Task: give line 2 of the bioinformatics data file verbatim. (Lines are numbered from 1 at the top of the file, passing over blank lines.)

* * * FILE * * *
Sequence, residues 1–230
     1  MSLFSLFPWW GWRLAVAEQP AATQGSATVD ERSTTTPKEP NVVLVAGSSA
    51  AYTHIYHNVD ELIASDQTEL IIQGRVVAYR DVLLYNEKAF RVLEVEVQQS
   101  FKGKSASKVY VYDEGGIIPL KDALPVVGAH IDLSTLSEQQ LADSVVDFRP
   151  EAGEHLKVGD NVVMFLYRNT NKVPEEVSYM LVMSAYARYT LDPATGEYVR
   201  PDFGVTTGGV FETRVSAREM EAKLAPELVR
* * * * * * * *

     1  MSLFSLFPWW GWRLAVAEQP AATQGSATVD ERSTTTPKEP NVVLVAGSSA